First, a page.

Tuesday, 11 March 2014

Jess by Pauline George

Jess has been badly hurt and emotionally drained by a previous relationship. Now she won’t allow anyone to get close to her. In fact, she’s adopted the rather cavalier attitude of ‘love them, don’t get involved, then leave them’.

Jess’s sister, Josie, issues her with a challenge to get to know a woman on a personal level before sleeping with her. Jess accepts the challenge. After all, it can’t be that hard, can it? Jess does have morals after all. Morals that she is going to find hard to keep in the face of Josie’s challenge.

When Jess meets Josie’s best friend Katie, she finds her life spiralling out of control. She is totally smitten with her. Now Jess is wondering if she can ever have a loving and lasting relationship. Will she ever be able to have the happy ever after she wants deep down? Or will she be destined to spending the rest of her life going from one woman to another? Unfortunately, even though Jess may be willing to give a relationship a try, Katie has too many personal issues that only she can resolve. Will Katie sort her life out and choose Jess? Or is Jess going to be alone forever?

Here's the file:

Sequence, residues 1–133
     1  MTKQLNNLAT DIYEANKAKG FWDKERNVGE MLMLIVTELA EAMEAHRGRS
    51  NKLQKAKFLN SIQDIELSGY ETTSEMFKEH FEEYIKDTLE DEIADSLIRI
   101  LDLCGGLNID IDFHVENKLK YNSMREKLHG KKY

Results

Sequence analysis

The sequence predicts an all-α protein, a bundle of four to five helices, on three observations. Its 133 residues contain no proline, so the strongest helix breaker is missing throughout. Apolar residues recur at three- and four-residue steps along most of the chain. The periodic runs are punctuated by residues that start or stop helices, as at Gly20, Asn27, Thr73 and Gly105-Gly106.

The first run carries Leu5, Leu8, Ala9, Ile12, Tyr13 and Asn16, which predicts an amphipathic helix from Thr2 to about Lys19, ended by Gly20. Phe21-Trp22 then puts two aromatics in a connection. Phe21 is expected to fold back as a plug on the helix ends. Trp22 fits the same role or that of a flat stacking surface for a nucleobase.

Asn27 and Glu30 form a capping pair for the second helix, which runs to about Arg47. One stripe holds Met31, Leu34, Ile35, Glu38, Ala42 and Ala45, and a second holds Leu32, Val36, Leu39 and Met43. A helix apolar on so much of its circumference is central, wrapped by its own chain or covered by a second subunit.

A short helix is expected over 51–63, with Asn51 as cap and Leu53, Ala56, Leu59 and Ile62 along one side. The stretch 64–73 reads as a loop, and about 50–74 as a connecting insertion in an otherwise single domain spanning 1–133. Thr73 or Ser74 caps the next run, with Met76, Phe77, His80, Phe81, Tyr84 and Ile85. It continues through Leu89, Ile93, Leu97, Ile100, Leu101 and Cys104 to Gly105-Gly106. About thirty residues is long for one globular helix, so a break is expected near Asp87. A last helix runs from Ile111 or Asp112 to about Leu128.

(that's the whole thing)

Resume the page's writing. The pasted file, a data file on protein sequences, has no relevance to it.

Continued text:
Now and then I come across a debut author who shines through. Pauline George is one such author. She has written a wonderful story with believable and loveable characters. All well developed, multidimensional and easy to get to know. Jess and her group of friends are fun and down to earth. I lost myself in with them and completely lived the story with them. I couldn’t put this book down and read it in one sitting. So, allow plenty of time before you start it.

The story is set around Croydon, Surrey, England and goes over to Canada. There are a lot of Britishisms throughout, but they shouldn’t be too hard for overseas readers to follow. I think this is one of reasons I particularly enjoyed this book too, I could easily identify with the group of friends and the settings.

Getting back to the story, it is well written, told by Jess from her point of view and full of passion and hope. It did go backwards and forwards a bit and there was a bit of repetition, but nothing that pulled me out of the actual story. So, I’d still give this book top marks.

If Pauline George comes up with another book as good as this one, I’ll be first in line to buy it.


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